Data from another group of researchers at the University of Bremen shows that the extent this year had by 8 September dropped below the 2007 minimum extent (see press release from the University of Bremen).   " While the University of Bremen and other data may show slightly different numbers, all of the data agree that Arctic sea ice is continuing its long-term decline," said the NSIDC today.

Walruses: Harbingers of Climate Disruption

The summer sea ice is home to walruses, particularly females and their young.  As the ice melts, it recedes from shore and less and less is found over the shallower waters where walruses feed.  Eventually, with no suitable ice to be found near their feeding areas, the walruses are forced to head for land and haul-out along the coast.  See how radio-tagged walruses head for shore as sea ice retreats in this USGS animation covering the period from 17 July to 12 September 2011.

As we recently reported, by 17 August, approximately 8,000 walruses were observed during a survey flight of the Chukchi Offshore Monitoring in Drilling Area (COMIDA) marine mammal aerial survey project.  Another COMIDA flight two days later (19 August) reported [PDF] their numbers had grown to about 10,000 walruses (see photos below).

Above and below: During COMIDA flight 235 [PDF] on 19 August 2011, observers reported " Approximately 10,000 walruses were observed hauled out on land slightly north of Point Lay" (click on image for larger high resolution image).  Source: Rebecca Shea (National Marine Mammal Laboratory, Alaska Fisheries Science Center, National Marine Fisheries Service, National Oceanic and Atmospheric Administration).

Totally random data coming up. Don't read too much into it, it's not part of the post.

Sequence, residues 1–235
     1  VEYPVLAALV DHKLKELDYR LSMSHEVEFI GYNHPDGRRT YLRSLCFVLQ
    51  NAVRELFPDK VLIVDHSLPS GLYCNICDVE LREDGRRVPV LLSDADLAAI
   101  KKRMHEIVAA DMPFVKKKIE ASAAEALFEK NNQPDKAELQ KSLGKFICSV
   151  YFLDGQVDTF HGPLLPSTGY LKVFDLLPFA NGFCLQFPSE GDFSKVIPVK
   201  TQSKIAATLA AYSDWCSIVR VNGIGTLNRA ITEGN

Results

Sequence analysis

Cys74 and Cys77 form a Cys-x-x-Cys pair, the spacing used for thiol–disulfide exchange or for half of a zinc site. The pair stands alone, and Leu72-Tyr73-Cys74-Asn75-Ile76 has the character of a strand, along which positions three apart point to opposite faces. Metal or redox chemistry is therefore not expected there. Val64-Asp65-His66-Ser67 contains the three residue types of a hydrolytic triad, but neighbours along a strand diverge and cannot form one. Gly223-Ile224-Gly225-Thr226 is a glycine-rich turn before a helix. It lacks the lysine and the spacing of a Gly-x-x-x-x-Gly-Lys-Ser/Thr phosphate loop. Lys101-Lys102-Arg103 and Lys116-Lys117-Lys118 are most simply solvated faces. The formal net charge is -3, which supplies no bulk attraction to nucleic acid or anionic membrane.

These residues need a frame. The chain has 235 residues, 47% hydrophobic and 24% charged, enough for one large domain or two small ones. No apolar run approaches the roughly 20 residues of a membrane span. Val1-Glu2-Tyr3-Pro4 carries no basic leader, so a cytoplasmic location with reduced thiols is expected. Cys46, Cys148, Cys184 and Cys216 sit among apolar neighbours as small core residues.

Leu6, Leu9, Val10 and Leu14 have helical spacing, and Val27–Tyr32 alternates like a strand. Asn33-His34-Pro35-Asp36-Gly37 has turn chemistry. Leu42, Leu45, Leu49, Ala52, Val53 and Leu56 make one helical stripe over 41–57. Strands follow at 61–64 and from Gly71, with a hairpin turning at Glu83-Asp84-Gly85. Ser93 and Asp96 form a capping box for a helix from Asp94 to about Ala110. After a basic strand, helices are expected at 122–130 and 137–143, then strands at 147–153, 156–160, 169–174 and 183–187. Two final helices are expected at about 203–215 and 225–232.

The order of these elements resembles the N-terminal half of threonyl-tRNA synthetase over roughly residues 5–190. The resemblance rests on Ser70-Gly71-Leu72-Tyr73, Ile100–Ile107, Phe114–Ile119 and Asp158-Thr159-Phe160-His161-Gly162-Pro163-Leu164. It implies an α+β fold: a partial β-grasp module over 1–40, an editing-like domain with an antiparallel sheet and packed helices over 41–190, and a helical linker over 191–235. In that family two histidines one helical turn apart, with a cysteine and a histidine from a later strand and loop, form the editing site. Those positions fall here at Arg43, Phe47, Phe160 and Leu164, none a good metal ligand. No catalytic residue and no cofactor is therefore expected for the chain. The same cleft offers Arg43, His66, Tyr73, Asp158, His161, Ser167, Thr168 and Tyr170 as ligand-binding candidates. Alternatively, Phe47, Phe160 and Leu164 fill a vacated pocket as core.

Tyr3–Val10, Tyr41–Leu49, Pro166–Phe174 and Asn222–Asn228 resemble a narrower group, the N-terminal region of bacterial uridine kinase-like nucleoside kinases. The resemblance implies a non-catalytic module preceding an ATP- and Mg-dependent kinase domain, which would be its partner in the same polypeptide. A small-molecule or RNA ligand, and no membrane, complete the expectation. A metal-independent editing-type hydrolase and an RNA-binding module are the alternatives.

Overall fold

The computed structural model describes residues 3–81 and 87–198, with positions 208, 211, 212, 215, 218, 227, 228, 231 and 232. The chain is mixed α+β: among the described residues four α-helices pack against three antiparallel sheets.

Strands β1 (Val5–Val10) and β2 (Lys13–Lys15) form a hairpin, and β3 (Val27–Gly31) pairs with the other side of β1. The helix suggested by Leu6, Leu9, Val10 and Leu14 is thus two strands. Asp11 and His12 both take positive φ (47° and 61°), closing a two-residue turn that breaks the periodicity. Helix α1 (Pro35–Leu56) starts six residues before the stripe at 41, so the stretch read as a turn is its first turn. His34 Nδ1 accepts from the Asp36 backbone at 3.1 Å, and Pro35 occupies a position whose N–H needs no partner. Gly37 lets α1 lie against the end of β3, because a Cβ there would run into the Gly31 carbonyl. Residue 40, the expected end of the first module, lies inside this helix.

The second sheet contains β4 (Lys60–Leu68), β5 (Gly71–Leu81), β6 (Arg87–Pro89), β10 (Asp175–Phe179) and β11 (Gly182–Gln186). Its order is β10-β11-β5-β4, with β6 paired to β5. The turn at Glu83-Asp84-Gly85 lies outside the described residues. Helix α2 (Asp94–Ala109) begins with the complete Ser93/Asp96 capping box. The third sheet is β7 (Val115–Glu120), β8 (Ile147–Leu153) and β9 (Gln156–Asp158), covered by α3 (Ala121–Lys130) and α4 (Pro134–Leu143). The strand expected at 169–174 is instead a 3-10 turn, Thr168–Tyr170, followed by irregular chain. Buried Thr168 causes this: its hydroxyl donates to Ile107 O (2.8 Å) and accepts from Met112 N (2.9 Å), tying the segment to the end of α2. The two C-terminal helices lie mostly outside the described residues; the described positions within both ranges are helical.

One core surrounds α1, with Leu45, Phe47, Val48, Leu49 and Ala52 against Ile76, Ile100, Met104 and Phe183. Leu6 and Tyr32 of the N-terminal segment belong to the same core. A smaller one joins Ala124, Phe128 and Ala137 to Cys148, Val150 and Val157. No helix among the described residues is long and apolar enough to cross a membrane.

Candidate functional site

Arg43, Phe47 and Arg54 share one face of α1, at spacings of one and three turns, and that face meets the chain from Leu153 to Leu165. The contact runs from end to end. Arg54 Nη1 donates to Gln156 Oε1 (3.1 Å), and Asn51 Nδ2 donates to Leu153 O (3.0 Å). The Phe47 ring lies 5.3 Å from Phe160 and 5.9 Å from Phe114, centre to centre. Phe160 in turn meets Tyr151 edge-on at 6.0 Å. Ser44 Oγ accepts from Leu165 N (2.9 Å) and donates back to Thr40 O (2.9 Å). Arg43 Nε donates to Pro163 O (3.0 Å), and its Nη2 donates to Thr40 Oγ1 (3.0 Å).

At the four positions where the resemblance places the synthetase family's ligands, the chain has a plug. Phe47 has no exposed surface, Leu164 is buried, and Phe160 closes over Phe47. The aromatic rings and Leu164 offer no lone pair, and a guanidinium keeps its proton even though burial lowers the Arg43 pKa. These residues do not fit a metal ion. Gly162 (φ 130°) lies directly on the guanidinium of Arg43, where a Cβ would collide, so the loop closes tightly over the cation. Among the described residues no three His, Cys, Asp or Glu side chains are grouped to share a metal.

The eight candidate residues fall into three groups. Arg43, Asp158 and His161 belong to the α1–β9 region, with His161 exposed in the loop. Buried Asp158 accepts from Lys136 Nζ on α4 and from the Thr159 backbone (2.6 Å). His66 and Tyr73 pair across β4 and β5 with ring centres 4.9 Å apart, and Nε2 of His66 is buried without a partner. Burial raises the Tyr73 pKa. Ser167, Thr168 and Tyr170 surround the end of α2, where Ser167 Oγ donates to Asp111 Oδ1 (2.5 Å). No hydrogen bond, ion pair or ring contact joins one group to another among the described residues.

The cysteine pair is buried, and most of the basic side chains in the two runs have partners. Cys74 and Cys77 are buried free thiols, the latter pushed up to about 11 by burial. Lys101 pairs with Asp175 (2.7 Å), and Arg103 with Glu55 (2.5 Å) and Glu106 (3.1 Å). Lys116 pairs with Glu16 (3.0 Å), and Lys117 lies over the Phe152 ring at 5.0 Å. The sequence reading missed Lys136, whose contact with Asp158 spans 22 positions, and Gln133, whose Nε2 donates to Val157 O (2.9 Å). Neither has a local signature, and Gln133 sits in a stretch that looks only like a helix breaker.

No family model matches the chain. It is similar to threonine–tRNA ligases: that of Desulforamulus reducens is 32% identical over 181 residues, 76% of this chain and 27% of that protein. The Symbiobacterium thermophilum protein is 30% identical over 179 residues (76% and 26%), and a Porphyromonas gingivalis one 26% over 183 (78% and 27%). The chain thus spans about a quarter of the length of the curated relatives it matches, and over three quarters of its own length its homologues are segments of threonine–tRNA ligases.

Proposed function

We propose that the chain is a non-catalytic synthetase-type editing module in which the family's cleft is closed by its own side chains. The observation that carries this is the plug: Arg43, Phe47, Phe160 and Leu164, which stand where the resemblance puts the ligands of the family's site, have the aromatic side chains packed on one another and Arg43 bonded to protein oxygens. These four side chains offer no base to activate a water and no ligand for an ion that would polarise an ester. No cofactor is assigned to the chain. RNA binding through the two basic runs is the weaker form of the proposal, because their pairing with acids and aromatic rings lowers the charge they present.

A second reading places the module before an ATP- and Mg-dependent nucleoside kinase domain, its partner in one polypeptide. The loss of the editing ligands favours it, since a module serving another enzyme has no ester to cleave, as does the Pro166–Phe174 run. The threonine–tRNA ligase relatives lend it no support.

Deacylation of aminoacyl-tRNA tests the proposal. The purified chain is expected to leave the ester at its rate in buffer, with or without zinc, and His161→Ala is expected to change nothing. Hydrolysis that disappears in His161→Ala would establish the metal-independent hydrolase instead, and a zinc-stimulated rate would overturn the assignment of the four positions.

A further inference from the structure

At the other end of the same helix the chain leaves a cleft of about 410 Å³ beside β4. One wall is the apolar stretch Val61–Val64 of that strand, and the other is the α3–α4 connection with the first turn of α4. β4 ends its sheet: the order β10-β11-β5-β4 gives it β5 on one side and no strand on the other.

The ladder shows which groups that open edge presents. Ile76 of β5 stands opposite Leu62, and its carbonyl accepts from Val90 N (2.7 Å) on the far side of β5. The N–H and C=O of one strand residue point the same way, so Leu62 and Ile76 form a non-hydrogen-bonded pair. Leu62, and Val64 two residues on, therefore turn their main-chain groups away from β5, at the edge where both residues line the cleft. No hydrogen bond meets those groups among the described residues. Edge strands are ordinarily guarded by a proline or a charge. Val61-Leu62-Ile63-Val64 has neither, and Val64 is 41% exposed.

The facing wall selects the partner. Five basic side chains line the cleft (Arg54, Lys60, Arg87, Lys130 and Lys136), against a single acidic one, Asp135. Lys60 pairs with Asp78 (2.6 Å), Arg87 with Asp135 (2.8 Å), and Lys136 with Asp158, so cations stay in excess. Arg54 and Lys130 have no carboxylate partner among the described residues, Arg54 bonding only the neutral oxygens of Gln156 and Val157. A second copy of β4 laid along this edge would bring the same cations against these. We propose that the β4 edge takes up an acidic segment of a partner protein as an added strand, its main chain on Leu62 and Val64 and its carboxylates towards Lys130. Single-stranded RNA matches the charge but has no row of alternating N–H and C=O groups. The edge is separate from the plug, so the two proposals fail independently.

Less than a week later, COMIDA observers on 24 August estimated that the number of walruses had doubled to roughly 20,000. 

Videographer Dan Zatz produced dramatic aerial footage of the haul-out that he has posted on his Web site (HD video also available) and that we provide below. 

Also, on 25 August, Daniel H. Monson, Ph.D  of U.S. Geological Survey filmed additional footage of the walruses at Point Lay, taken from a closer vantage point on land.  Monson's video is embedded below.

Above: Walruses hauled out at Point Lay, Alaska, August 25 2011.  Video Producer/Videographer: Daniel H. Monson, Ph.D , U.S. Geological Survey.

According to a press release issued on Tuesday (13 Sep 2011) by USGS, "[f]emale walruses and their young have come ashore during late summer and fall in four of the last five years on Alaska's northwest coast."  Last year an estimated 10,000 to 20,000 walruses ultimately hauled-out near Point Lay.

“Climate change has forced Arctic sea ice into a downward spiral with disastrous results: polar bear litter sizes are dwindling, walruses are crowding ashore and Alaskan communities are relocating due to extreme erosion and storm surges," says Lou Leonard, WWF's Climate Change Managing Director.  "Studies show that this sharp drop in Arctic ice disrupts global weather patterns as well, contributing to heavier winter snows here in the US and continuing the onslaught of extreme weather we’ve faced in recent years.

“Gridlock in Washington has left us dangerously unprepared for these changes. This latest planetary distress signal should hit our local leaders like a splash of cold water in the face: it is time for cities and towns across the country to makes plans to protect Americans from these present and future climate disruptions.”

Online Resources:

Arctic sea ice nears minimum extent.  Press release (13 Sep 2011) from the National Snow and Ice Data Center. 

The Science Behind the 2011 Walrus Haulout FAQ.  By USGS, 16 August 2011.

WWF Feature Story: Arctic Sea Ice Levels Plummet to Record Lows.

Arctic section of WWF-US Web site

Arctic section of WWF International Web site

Arctic section of WWF Canada Web site

WWF Climate Change Blog:

Share this